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The Concert Hall Experience Without The Concert Hall.
Audio engineers strive to replicate the live orchestra experience.

by Drew McManus
August 7, 2006

Although the world of classical music has been traditionally slow to take advantage of advancements in technology, they may have no other choice than to become involved if some of the latest advancements in sound reproduction prove fruitful. In particular, one of most difficult aspects of live sound reproduction is related to realistic bass sound. To that end, Tymphany, a consumer and professional audio consumer company, asserts that they have created a breakthrough in this area with the advent of the Tymphany Linear Array Transducer (LAT), an audio transducer technology.
Traditionally, in order to reproduce realistic bass sound, a listener must purchase large, cumbersome speakers or subwoofers. The Tymphany LAT engineers claim they can reproduce similar high quality bass audio with enclosures that are only 5" and 7" in diameter, which is significantly smaller than previous equipment. In fact, the company says the Tymphany LAT reproduces a quality bass sound without the mind numbing vibration associated with conventional bass enclosures and subwoofers.
For classical music, technology such as this has considerable potential to usher in a new age of active listeners. For example, the iPod craze is obviously much more than a passing fad and armies of digital audio enthusiasts will be commonplace for years to come. Unfortunately, existing headphones designed for such devices do a poor job at reproducing accurate bass sound do to the size of their bass audio transducers.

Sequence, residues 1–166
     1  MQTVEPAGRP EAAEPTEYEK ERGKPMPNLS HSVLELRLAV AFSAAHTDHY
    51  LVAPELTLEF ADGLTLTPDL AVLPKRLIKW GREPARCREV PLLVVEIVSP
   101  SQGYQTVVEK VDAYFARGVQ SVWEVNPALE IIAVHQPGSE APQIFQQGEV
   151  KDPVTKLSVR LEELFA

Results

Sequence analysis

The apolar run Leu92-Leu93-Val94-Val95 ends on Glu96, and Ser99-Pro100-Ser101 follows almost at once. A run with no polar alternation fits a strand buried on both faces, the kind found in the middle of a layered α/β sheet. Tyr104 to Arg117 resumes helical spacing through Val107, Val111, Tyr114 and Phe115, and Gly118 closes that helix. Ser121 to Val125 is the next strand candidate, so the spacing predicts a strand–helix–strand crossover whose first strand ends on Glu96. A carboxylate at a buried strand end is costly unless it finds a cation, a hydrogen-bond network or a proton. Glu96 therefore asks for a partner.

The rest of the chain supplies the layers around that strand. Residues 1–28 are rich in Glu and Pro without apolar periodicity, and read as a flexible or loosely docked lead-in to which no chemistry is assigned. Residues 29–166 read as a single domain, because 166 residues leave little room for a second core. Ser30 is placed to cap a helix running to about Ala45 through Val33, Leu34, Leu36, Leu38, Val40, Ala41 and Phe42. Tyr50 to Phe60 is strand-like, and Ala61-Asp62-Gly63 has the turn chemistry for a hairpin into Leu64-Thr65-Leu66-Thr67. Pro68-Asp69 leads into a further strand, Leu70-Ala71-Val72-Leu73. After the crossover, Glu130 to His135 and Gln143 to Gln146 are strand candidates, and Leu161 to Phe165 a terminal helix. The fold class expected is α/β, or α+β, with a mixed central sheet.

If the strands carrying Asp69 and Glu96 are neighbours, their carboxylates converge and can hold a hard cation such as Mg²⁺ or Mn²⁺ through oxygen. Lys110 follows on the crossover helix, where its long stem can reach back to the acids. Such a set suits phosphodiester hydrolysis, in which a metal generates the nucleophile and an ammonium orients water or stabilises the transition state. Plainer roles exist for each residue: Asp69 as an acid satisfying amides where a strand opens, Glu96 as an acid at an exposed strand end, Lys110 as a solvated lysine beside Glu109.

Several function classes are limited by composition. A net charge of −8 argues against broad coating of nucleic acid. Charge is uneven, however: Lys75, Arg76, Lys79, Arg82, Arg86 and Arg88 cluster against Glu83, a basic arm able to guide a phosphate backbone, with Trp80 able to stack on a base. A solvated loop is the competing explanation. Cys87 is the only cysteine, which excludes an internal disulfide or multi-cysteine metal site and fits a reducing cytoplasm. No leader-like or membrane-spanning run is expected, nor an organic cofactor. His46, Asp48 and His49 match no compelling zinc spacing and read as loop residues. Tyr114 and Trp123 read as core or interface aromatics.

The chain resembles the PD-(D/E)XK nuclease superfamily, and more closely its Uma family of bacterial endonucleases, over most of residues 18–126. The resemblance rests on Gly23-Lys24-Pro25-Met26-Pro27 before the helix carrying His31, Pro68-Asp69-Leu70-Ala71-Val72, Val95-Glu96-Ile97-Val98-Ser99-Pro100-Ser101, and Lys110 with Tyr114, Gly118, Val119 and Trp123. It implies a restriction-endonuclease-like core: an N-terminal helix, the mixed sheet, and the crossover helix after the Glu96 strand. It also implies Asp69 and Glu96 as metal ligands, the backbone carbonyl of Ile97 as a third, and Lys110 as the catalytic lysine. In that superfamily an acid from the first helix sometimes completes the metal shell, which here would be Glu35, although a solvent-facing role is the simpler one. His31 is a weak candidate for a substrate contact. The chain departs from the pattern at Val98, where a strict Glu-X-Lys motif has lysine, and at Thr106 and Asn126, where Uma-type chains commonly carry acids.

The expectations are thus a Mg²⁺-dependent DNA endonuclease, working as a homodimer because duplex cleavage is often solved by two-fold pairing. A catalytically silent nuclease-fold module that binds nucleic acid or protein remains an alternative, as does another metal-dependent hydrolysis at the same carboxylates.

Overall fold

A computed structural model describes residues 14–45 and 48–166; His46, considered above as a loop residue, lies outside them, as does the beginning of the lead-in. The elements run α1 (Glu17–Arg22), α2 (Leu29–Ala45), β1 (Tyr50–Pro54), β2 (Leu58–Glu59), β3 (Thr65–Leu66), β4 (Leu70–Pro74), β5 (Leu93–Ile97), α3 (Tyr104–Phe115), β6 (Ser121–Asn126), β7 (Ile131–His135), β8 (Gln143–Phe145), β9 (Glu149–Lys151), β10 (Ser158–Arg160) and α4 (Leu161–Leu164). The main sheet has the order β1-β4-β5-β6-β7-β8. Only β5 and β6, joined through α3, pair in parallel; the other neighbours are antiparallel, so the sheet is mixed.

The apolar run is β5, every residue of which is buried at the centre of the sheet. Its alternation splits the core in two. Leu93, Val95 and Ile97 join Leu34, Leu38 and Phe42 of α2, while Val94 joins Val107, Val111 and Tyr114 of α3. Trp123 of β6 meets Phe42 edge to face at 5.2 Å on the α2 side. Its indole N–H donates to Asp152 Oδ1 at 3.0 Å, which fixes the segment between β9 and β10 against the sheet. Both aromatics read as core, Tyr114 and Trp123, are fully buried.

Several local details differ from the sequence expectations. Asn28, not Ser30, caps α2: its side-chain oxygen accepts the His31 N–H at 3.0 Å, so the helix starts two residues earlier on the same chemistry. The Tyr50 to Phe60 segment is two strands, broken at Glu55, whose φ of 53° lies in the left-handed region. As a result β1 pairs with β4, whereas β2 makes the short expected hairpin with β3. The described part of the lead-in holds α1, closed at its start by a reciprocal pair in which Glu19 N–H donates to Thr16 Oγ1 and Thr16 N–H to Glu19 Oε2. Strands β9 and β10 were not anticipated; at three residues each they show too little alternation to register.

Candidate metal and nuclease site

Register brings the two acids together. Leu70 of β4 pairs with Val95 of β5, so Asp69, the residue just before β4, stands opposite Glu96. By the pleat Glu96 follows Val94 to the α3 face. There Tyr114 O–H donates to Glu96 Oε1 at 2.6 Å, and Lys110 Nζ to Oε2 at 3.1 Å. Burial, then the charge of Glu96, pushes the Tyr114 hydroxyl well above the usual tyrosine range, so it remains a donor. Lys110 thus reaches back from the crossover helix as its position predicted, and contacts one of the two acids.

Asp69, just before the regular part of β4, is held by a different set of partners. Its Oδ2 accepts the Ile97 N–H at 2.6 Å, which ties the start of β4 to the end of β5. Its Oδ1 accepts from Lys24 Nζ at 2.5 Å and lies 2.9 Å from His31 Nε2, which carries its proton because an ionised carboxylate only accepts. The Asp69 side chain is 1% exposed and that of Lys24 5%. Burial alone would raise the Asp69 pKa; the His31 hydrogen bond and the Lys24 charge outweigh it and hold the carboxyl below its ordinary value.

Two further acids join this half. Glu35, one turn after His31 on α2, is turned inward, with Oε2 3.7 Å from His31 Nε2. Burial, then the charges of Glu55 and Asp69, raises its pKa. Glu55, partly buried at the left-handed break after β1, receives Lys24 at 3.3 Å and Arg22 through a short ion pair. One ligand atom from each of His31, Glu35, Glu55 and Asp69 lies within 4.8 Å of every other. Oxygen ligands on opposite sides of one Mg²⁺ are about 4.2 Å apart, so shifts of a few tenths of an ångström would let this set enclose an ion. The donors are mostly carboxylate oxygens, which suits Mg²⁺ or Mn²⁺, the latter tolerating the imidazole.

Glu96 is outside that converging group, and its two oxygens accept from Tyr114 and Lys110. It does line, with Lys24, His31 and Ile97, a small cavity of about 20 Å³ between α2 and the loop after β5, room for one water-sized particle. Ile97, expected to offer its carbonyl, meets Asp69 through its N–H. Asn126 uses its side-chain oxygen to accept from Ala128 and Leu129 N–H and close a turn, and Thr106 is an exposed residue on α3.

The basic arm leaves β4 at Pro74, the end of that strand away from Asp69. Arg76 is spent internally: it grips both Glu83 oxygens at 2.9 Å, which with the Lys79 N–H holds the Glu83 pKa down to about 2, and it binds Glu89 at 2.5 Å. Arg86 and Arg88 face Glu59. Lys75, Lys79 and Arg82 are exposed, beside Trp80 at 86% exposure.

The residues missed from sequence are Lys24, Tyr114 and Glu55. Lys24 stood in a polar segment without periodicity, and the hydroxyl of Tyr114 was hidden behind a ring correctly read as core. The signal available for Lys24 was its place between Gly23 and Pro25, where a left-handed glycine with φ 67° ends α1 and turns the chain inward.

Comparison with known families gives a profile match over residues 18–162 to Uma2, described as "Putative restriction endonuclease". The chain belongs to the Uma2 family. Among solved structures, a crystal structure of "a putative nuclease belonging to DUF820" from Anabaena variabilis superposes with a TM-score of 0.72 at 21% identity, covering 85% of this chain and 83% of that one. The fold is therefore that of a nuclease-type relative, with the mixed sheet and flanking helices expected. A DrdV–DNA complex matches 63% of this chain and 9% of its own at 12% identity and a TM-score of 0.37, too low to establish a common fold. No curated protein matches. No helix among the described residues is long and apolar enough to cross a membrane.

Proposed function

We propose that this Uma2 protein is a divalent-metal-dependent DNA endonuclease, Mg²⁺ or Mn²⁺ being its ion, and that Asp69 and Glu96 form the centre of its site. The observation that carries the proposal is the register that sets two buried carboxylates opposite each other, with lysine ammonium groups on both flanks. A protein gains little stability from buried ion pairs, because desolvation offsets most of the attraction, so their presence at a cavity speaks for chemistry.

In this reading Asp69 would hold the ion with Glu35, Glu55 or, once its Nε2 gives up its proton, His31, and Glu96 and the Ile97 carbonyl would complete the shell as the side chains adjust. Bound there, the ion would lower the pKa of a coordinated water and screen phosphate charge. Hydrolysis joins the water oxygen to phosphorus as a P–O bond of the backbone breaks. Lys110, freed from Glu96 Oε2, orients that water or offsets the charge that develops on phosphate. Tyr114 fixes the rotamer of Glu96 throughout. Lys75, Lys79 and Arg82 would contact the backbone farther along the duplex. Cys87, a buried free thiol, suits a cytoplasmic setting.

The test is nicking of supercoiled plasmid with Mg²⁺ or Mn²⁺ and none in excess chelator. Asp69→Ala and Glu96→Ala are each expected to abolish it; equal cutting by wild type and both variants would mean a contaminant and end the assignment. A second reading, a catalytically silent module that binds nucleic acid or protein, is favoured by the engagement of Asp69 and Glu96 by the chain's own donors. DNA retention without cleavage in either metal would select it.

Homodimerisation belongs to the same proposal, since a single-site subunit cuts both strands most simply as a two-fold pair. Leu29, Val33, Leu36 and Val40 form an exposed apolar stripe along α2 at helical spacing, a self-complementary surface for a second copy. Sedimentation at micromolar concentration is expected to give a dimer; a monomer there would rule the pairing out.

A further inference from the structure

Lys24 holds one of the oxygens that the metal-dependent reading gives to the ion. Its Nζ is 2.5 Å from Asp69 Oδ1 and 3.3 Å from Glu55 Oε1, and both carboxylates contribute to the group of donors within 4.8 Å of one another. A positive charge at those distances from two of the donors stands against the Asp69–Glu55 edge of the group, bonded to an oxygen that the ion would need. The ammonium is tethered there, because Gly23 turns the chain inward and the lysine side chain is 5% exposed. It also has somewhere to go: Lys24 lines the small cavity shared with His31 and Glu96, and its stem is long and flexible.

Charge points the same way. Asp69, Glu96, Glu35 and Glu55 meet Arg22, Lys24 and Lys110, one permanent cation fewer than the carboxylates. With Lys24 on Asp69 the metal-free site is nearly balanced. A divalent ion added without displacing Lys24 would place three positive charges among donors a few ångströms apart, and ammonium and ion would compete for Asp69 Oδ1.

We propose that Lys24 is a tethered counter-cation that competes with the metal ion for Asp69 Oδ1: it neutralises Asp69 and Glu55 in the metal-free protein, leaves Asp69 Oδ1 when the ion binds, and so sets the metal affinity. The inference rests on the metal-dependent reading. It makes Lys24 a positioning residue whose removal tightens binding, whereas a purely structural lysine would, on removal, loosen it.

Although the Tymphany LAT-500 is only a 5" wide thin tube shaped transducer, it's still too large to fit into a comfortable pair of portable headphones. Nevertheless, these tiny transducers will fit neatly into a flat panel computer monitor or high resolution television, providing the user with high quality audio. Furthermore, as technology marches on it's inevitable that the headphone barrier will be breeched, allowing listeners to enjoy high quality audio on future generations of iPods as well as similarly designed digital audio players.
This becomes more intriguing when you combine these advancements with new developments in reproducing visual aspects of modern concert halls. An increasing number of orchestras are employing virtual concert hall technologies that duplicate the visual perspective from concert hall seating sections, such as this example from the Chicago Symphony Orchestra.
Now, imagine that within the near future the average internet user will be able to reproduce the concert experience visually and/or audibly from specific vantage points right from their home. Listeners could even "move" from one virtual seat to another while a performance is in progress in order to sample the audio and visual vantage based on their preference or curiosity. That's something listeners inside the concert hall would never be able to enjoy.
In a perfect world, a combination of high definition cameras and vantage point audio will bring a home listener as close to the live concert experience as possible. Of course, the classical music business tends to shy away from anything that prevents local patrons from attending concerts in-person. Nevertheless, rising fuel prices, expensive parking, and exasperating traffic conditions already conspire to keep potential patrons away so exploring potential technologies that allow patrons to remain connected to their respective orchestras is a worthwhile endeavor.
In the end, it's doubtful that technology will accurately reproduce the live concert experience within the next few generations; as such, it's likely that the digital reproduction of the concert experience is best used to keep local patrons connected to the orchestra as well as reaching out to listeners that aren't served by professional orchestras. You never know, technology such as the Tymphany LAT may be the fist step in the evolution of how classical music connects with its patrons.

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